REQUIREMENTS to work from home due to the coronavirus pandemic are set to be scrapped as Freedom Day approaches.

Coronavirus restrictions are being removed from July 19 after Prime Minister Boris Johnson went ahead of step four of the easing of lockdown.

This means nightclubs can reopen and pubs can return to serving you at the bar on Freedom Day without any social distancing rules.

It also means workers are no longer required to work from home.

But coronavirus infections are still rising, especially amid the Delta variant.

We run through the key questions below if you are nervous about returning to the office.

Do I have to return to work?

The government is no longer instructing people to work from home from Monday July 19.

Employers have been told to plan for a gradual return to the workplace.

Its guidance said: "During this period of high prevalence, the government expects and recommends a gradual return over the summer.

"You should discuss a return to the workplace with workers, and trade unions to make working arrangements that meet both business and individual needs."

Bosses have been told to listen to workers' needs, particularly those who haven't had both jabs.

Yeing-Lang Chong, partner at Springhouse Employment Solicitors, said: "Employees will have to go to work if asked to do so by their boss.

"If you refuse to go in without a justifiable reason, especially if the workplace has adequate anti-Covid measures in place, then an employer could take action in relation to your employment."

Do I have to wear a mask at work?

Legal requirements to wear a mask indoors have been dropped but the government has suggested workplaces continue to follow this and also install protective screens to minimise risk of infection.

The guidance said: "The government expects and recommends that people continue to wear face coverings in crowded, enclosed spaces.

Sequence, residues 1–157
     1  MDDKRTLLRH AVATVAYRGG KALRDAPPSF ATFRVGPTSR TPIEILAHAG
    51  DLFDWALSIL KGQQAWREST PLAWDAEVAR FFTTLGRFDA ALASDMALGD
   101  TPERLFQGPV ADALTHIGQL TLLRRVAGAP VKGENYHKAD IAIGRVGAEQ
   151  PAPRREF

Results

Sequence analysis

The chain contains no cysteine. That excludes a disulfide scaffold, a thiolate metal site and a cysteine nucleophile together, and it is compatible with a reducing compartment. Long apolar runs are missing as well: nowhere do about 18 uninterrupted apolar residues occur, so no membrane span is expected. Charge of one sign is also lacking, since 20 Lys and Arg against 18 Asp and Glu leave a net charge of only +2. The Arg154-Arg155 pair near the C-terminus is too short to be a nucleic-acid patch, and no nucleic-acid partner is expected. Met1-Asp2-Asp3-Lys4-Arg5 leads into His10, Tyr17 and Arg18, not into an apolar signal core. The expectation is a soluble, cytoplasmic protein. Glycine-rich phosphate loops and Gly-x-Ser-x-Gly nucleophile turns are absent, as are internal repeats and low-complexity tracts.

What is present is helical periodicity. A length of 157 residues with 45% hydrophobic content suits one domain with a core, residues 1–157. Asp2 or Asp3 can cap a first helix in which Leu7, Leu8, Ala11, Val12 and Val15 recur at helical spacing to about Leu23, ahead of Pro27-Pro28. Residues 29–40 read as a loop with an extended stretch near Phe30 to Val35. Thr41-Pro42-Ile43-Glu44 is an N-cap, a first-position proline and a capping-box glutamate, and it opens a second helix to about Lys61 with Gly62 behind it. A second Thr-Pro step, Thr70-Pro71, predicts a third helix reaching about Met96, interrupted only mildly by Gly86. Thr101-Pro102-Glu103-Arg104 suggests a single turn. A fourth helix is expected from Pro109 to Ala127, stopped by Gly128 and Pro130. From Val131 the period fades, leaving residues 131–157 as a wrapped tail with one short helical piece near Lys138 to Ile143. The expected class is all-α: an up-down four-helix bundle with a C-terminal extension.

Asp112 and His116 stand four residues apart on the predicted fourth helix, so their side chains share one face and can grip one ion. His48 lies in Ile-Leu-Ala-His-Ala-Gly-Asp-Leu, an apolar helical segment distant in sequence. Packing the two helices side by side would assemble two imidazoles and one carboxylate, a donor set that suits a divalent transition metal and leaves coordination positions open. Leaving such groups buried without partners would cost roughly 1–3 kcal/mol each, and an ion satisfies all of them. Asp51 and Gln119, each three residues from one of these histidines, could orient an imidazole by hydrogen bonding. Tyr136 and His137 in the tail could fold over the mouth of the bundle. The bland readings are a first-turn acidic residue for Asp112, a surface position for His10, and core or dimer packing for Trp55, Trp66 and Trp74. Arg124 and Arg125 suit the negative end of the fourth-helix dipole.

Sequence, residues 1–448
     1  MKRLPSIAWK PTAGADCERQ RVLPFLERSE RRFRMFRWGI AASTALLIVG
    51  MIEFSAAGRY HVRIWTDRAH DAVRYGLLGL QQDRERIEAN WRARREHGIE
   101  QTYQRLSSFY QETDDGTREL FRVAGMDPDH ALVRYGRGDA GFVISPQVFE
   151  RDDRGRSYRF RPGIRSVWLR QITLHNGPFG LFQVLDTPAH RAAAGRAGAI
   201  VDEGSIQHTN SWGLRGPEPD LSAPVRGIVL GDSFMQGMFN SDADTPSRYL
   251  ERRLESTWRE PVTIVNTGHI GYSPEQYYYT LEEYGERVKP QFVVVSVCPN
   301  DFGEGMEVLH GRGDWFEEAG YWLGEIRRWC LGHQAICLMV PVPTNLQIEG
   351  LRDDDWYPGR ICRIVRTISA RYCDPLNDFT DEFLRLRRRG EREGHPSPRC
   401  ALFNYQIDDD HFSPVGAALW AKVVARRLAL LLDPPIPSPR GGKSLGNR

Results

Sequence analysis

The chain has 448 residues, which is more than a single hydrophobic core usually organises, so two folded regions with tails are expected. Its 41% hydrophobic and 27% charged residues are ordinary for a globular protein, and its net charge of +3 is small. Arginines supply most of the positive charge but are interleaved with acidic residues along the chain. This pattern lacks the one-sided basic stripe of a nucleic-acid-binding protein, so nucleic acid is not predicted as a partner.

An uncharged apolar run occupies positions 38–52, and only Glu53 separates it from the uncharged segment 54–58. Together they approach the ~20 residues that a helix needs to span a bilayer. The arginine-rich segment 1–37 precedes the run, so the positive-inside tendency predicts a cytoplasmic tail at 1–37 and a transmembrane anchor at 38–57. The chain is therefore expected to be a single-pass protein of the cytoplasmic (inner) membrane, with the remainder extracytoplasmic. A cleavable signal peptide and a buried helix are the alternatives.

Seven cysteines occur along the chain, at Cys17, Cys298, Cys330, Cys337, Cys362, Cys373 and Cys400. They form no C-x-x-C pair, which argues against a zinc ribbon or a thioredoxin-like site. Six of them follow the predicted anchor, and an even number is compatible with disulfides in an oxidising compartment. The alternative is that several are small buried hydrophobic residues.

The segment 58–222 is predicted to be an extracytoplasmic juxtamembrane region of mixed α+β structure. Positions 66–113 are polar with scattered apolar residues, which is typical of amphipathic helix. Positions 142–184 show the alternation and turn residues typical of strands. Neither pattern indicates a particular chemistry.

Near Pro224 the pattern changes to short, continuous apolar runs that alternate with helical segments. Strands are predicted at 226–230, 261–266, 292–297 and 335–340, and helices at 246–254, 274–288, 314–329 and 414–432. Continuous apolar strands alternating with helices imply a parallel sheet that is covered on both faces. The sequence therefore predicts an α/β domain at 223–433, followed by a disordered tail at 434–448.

"Where worn correctly, this may reduce the risk of transmission to themselves and others. Be aware that workers may choose to wear a face covering in the workplace."

Can my boss sack me if I don’t got back to work?

IF you refuse to go back into work and you don’t have reasonable grounds for doing so, such as a health reason, your employer can sack you.

But if you've worked for your employer for two years or more you may, however, have grounds to take your company to an employment tribunal if you think you've been unfairly dismissed.

Equally, if you think you've been dismissed because of discriminatory reasons, such as your age, race, gender or because of a disability, then you may have grounds for a discrimination claim.

It is automatically unfair to be dismissed because you took action about a health and safety issue.

It's worth pointing out that being dismissed is different to being made redundant. You can be sacked or made redundant even while on furlough.

See Citizens Advice or speak to your trade union representative for more information.

If you don't want to wear a mask, Ms Chong suggests talking with your employer to explain your reasons.

She added: "There are some exemptions such as for a disability and there could be discussions about alternatives such as a face shield.

"An employer could take action though if you refuse outright to wear a mask."

What if my workplace feels unsafe?

Your boss still needs to make sure your work environment is Covid-safe.

As an employer, your boss must protect workers and others from risks to their health and safety.

This means ensuring there is ventilation, regular cleaning and hand-washing as well as reduced mixing within teams.

Ms Chong said workers shoud discuss concerns with their employers.

She added: "Employers should be cautious as they could face legal action if an employee raises a health and safety concern and feels they have been unfairly treated."

Do I have to come to the office if I am clinically vulnerable?

Rules on shielding will be dropped on July 19.

But the government guidance urges bosses to be understanding about those who are extremely or clinically vulnerable.

The guidance said: "You should give extra consideration to people at higher risk and to workers facing mental and physical health difficulties.

"Those who are clinically extremely vulnerable are no longer advised to shield.

"You should continue to support these workers by discussing with them their individual needs and supporting them in taking any additional precautions advised by their clinicians."

Wetherspoons will sell £2 pints of ale to celebrate lockdown restrictions ending.

Supermarket’s including Tesco, Aldi and Lidl want you to keep wearing masks from Monday.

Here are all the other supermarket rules you need to know from July 19.

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